Mathew Oldfield says the difficulties aspiring teachers face today boil down to one thing: money.
“Money is always on someone’s mind,” the Double-Degree student says. “And when money is on your mind, that means school isn’t.”
The one-time physics major is an expert at keeping school on his mind. Inspired by his first class at Oregon State, chemistry with Professor Richard Nafshun, he changed majors and threw himself into a new field of study. “Professor Nafshun just brought so much energy and excitement. I was immediately like, ‘OK, I’m not doing physics anymore, I’m doing chemistry.’”
Mathew says that changing majors didn’t daunt him. “I learned a long while ago that in order to pursue something you need to be interested in it, not good at it.”
He was drawn to the College of Education’s Double-Degree program so he could explore his new interest in chemistry and his older passion for teaching. In middle school, he helped his classmates learn grammar and spelling. In high school, he began taking over as substitute teacher in the band classroom as well.
An open fourth period his senior year of high school revealed his love of science education. “People would come in with problems in one of their science classes, whether it be physics, chemistry, or biology. I just got to sit there and help them.”
Despite suffering from “senioritus,” Mathew says that knowing he could help his friends at school invigorated him. “It was the one thing I looked forward to coming to school each day.”
Mathew gained even more teaching experience at Oregon State. This Spring concluded his second full year TAing for the chemistry department. His time TAing has had him drafting lesson plans, managing classrooms, and performing duties in the “Mole Hole,” the on-campus chemistry tutoring center.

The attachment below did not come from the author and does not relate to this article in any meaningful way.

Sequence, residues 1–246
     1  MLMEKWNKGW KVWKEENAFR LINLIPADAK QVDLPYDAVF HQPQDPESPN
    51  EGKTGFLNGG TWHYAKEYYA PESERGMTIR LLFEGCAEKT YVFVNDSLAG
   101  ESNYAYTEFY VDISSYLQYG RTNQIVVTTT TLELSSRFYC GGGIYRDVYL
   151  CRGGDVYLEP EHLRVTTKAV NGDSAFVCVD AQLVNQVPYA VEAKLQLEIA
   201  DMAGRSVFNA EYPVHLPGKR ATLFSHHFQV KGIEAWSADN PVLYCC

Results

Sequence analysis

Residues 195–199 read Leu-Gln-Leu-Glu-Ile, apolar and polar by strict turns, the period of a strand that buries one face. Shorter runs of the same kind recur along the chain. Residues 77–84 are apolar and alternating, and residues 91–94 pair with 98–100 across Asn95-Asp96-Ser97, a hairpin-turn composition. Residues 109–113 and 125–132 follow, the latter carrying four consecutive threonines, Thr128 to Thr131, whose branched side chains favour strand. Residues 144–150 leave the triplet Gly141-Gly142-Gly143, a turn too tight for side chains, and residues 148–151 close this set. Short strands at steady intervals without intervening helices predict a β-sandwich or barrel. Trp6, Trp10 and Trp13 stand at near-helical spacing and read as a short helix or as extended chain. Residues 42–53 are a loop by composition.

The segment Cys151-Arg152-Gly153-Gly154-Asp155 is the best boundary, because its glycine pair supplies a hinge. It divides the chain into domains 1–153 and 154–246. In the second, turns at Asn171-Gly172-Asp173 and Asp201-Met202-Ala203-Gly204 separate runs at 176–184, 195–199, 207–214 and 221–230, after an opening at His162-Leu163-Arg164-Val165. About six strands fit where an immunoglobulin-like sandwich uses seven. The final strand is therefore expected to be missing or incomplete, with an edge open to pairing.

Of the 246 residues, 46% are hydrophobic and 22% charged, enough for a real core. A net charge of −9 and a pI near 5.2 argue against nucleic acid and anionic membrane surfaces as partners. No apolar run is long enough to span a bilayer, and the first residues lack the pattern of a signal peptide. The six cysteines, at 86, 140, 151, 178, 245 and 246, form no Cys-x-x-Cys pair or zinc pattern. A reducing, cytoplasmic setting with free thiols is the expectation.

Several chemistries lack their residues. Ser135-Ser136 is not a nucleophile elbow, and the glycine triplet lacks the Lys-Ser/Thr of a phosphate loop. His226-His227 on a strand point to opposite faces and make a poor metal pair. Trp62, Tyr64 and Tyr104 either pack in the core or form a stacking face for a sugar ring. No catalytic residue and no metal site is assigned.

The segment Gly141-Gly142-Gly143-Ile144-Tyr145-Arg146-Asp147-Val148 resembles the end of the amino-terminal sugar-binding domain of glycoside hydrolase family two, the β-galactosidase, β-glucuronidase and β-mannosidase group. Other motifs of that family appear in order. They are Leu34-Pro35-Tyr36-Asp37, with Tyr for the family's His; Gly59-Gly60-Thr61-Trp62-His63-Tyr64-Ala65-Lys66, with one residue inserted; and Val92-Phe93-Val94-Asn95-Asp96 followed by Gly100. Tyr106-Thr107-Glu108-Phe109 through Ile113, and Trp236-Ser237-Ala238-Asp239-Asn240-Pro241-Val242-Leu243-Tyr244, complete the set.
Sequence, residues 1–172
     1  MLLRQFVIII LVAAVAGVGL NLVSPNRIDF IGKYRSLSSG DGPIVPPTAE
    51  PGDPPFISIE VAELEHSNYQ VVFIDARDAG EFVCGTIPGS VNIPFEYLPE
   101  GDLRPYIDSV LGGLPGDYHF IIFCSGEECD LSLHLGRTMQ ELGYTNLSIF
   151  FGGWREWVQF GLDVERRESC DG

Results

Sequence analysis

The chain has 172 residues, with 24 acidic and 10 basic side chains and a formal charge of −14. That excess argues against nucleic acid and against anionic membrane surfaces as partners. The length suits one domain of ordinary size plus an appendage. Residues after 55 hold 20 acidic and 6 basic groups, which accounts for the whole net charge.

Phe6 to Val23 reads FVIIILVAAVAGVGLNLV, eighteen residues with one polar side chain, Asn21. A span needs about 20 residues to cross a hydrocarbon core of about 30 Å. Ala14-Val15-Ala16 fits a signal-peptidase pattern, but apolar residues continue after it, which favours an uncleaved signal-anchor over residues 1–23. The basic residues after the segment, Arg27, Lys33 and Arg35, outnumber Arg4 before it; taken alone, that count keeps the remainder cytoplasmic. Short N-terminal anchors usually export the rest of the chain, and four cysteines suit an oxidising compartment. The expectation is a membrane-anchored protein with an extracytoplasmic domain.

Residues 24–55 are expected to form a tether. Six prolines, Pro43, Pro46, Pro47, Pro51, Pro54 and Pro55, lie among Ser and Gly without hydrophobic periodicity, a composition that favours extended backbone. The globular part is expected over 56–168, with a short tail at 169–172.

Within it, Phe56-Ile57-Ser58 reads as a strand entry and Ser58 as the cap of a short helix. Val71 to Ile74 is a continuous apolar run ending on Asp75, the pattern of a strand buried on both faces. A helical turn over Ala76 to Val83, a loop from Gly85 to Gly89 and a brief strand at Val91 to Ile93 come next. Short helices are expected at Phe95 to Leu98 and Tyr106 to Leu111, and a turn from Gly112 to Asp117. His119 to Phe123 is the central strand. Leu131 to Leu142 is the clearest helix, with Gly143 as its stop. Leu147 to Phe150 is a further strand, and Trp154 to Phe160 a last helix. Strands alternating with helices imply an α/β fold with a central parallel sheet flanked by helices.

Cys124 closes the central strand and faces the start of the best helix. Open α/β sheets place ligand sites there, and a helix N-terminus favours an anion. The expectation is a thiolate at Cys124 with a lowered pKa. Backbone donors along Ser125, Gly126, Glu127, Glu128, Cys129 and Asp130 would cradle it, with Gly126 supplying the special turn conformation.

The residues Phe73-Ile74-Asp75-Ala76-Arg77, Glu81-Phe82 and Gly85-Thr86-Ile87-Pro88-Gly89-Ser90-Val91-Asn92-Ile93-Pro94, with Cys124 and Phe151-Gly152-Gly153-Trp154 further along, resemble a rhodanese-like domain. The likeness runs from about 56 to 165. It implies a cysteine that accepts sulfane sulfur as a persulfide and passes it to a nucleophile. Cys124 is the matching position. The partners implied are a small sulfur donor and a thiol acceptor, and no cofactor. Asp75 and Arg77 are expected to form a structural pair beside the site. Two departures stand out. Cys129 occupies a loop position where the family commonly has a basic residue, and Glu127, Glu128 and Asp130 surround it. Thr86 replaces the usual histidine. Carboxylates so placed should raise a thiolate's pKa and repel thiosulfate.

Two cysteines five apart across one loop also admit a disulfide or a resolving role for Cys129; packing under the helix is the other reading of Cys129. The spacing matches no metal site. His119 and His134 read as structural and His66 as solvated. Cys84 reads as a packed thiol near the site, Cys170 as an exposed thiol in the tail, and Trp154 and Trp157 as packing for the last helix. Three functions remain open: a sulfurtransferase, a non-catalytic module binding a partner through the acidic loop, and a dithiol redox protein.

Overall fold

Mathew will begin his student teaching at Lebanon High School this fall. While he enjoyed his experience TAing, he is excited to begin working with high schoolers. “I’m looking forward to working with the age group I want to spend my professional life teaching,” he says.
Mathew is confident that he’ll enjoy teaching at the high school level. “I have yet to find an age group that I don’t get along with,” he says. “I’ve worked with middle schoolers, I’ve worked with college students. It seems somewhere in all of this I missed out on working with high schoolers, which is what I plan to do for a living.”
Before Mathew can enter the classroom, however, he must put money back on his mind. Mandatory licensure fees, exam fees, and fingerprinting fees must be paid before Mathew can receive licensure.
He says that fee waivers for students would “help alleviate, even just a little bit, that particular stress and mental burden,” and allow students to focus more on their education.
“Those sort of fees, although not hidden, often feel that way when you’re presented them,” he says. Students who are already saddled with loans, debt, tuition, and rent feel that additional fees submerge them completely. “It [feels] like, the water’s already up to your neck,” he says. “Let’s just bring that up further so maybe you can breath through your nose.”